When these mistakes and omissions are taken into account, the studies actually show that ultrasound does, in fact, have a positive impact in the evaluation of patients with torso trauma. Diagnostic time, time to operative care, CT use, total charges and hospital length of stay are all reduced when ultrasound-based clinical pathways are used. In addition, diagnostic peritoneal lavage has been replaced, in large part, by ultrasound. All of these benefits are observed without any adverse effect on mortality or laparotomy rates. While further studies regarding trauma ultrasound are needed to improve upon clinical pathways as they exist today, the beneficial impact of ultrasound thus far should not be discounted. 


    1. Stengel D, Bauwens K, Sehouli J, et al. Emergency ultrasound-based algorithms for diagnosing blunt abdominal trauma. Cochrane Database of Systematic Reviews. 2005, Issue 2. Art. No.: CD004446. DOI:10.1002/14651858.CD004446.pub2.
    2. Arrillaga A, Graham R, York JW, et al. Increased efficiency and cost-effectiveness in the evaluation of the blunt abdominal trauma patient with the use of ultrasound. The American Surgeon. 1999;65:31-35.
    3. Boulanger BR, McLellan BA, Brenneman FD, et al. Prospective evidence of the superiority of a sonography-based algorithm in the assessment of blunt abdominal injury. J Trauma. 1999;47(4):632-637.
    4. Navarrete-Navarro P, Vazquez G, Bosch JM, et al. Computed tomography vs. clinical and multidisciplinary procedures for early evaluation of severe abdomen and chest trauma-a cost analysis approach. Intensive Care Med. 1996;22:208-212.
    5. Rose JS, Levitt MA, Porter J, et al. Does the presence of ultrasound really affect computed tomographic scan use? A prospective randomized trial of ultrasound in trauma. J Trauma. 2001;51:545-549.
    6. Hosek WT, McCarthy ML. Trauma ultrasound and the 2005 Cochrane Review. Ann Emerg Med. 2007;50(5):619-620.
    7. Melniker LA, Evan L, McKenney, et al. Randomized controlled clinical trial of point-of-care, limited ultrasonography for trauma in the emergency department: The first sonographic outcomes assessment program trial. Ann Emerg Med. 2006;48(3):227-235.
    8. (Revised 2007) Stengel D, Bauwens K, Sehouli J, et al. Emergency ultrasound-based algorithms for diagnosing blunt abdominal trauma. Cochrane Database of Systematic Reviews 2005, Issue 2. Art. No.: CD00446. DOI:10.1002/14651858.CD004446.pub2.


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    From the Editor’s Desk--Clinician-Performed Sonography

    Gary Quick, MD, FACEP

    Mr. Smith (an alias) presented to the ED with exertional dyspnea which had progressed to chest tightness over a 2-week course. He had experienced no weight gain but his exercise tolerance allowed him to walk only 15-20 feet before becoming severely winded. He reported a single episode of congestive heart failure 2 years previous to this visit and gave no history of symptomatic angina, COPD or asthma. On physical examination I found 2+ pitting pretibial edema and a few bibasilar rales. His EKG showed normal sinus rhythm with a rate of 82 bpm and a chest x-ray showed moderate cardiomegaly with bilateral hilar prominence and moderate interstitial edema. His brain naturiouretic peptide (BNP) was measured at 270 (normal 0-200). I made the diagnosis of congestive heart failure based upon his past history of CHF, his current physical findings compatible with CHF. His radiographic and lab finding corroborated CHF.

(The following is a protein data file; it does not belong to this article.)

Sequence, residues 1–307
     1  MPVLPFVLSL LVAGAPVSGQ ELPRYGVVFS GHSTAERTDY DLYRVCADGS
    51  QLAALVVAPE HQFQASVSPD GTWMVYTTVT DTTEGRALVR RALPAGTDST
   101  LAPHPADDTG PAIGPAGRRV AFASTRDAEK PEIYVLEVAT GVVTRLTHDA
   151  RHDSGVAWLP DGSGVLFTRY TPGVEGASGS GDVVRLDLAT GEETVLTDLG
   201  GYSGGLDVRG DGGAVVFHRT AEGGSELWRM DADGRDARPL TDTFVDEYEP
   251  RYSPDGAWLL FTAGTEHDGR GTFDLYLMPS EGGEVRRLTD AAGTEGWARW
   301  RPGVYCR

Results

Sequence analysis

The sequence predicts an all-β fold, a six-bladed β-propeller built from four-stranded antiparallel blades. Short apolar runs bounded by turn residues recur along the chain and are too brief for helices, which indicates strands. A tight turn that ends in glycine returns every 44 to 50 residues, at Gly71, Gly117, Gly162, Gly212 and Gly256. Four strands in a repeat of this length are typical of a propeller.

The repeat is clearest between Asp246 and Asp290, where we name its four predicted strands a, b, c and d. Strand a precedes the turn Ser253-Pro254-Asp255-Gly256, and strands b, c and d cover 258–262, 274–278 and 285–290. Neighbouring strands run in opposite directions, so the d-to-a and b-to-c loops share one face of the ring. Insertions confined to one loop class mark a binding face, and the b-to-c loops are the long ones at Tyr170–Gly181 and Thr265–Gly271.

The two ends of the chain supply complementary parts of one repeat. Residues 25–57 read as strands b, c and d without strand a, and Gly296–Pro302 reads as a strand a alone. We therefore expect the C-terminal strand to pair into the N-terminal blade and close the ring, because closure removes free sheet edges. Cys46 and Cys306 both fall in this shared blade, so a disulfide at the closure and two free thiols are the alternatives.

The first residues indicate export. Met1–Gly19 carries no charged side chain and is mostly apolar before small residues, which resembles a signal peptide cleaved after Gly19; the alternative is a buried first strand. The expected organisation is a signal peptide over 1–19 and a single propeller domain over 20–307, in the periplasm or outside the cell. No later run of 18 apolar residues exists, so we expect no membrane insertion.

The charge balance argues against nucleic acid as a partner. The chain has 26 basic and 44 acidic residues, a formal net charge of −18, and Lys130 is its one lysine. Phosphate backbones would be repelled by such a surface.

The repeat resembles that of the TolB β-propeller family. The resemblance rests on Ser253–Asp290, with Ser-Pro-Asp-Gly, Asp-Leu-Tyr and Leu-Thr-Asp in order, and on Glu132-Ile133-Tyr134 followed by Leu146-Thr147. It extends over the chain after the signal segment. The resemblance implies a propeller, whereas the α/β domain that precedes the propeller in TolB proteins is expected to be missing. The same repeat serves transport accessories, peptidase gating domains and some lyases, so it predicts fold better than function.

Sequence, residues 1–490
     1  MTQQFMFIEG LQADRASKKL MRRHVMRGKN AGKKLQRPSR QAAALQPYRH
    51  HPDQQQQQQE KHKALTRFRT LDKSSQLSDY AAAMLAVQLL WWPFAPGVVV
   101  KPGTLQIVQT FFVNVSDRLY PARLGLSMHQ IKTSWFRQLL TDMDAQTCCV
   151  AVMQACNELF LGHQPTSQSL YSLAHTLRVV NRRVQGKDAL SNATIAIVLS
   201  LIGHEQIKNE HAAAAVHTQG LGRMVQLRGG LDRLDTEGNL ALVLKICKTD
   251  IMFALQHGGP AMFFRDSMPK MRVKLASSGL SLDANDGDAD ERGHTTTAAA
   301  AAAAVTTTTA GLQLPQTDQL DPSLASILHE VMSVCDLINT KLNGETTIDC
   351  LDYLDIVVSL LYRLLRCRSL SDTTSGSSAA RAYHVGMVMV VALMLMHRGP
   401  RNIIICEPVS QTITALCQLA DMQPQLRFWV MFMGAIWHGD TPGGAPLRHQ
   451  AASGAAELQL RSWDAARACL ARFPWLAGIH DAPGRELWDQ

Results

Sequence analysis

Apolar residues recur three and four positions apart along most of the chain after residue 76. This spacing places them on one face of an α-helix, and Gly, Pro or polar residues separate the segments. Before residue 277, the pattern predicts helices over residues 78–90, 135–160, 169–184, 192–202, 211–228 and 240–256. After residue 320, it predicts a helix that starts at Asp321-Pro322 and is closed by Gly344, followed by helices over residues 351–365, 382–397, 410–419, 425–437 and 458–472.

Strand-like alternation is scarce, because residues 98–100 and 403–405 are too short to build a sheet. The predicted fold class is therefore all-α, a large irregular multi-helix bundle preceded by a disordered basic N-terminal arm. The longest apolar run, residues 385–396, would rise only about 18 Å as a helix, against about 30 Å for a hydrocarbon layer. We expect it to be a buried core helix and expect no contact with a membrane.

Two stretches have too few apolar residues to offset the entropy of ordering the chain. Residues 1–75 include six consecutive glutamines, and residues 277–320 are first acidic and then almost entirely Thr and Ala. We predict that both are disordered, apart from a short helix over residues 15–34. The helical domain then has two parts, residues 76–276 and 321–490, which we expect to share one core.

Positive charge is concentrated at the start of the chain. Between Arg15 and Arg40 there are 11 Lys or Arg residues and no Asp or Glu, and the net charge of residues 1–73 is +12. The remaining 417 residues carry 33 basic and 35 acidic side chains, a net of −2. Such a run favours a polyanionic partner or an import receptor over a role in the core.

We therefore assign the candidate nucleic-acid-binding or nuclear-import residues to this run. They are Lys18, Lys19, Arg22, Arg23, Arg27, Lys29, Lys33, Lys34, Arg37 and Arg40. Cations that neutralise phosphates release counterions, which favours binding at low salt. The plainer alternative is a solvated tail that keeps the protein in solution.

Based upon his dyspnea, which seemed disproportionate to the severity of his presumed CHF, and his real but minimal supporting data for CHF, including a generous cardiac silhouette on x-ray, and because the ultrasound machine was easily accessible, I performed a limited cardiac echo exam. I was mildly shocked to find a 3.5 cm.circumfer-ential pericardial effusion with a freely swinging heart accompanying right ventricular, right atrial and left atrial diastolic collapse indicative of tamponade physiology, despite his blood pressure of 140/80 mm Hg and pulse of 84 bpm. I put down the probe and walked to the phone to call my interventional cardiology back-up who promptly took the patient to cath lab for drainage of 1.2 L. bloody effusion and performance of a pericardial window.

    The point of this case is that bedside ultrasound makes a difference in care of real patients, and we must find ways to introduce clinician-performed sonography into every ED in this country. I know that 10 years ago I would have missed the effusion on my patient, and I am willing to wager against the average emergency physician making the diagnosis of pericardial effusion with tamponade in a patient like mine even today in most emergency departments. Dr. Melniker is right on the mark in reminding us of the improved quality of care and safety which clinical sonography brings to ED patient care. These twin themes as measured in objective quality reviews will greatly strengthen the case for clinician-performed sonography.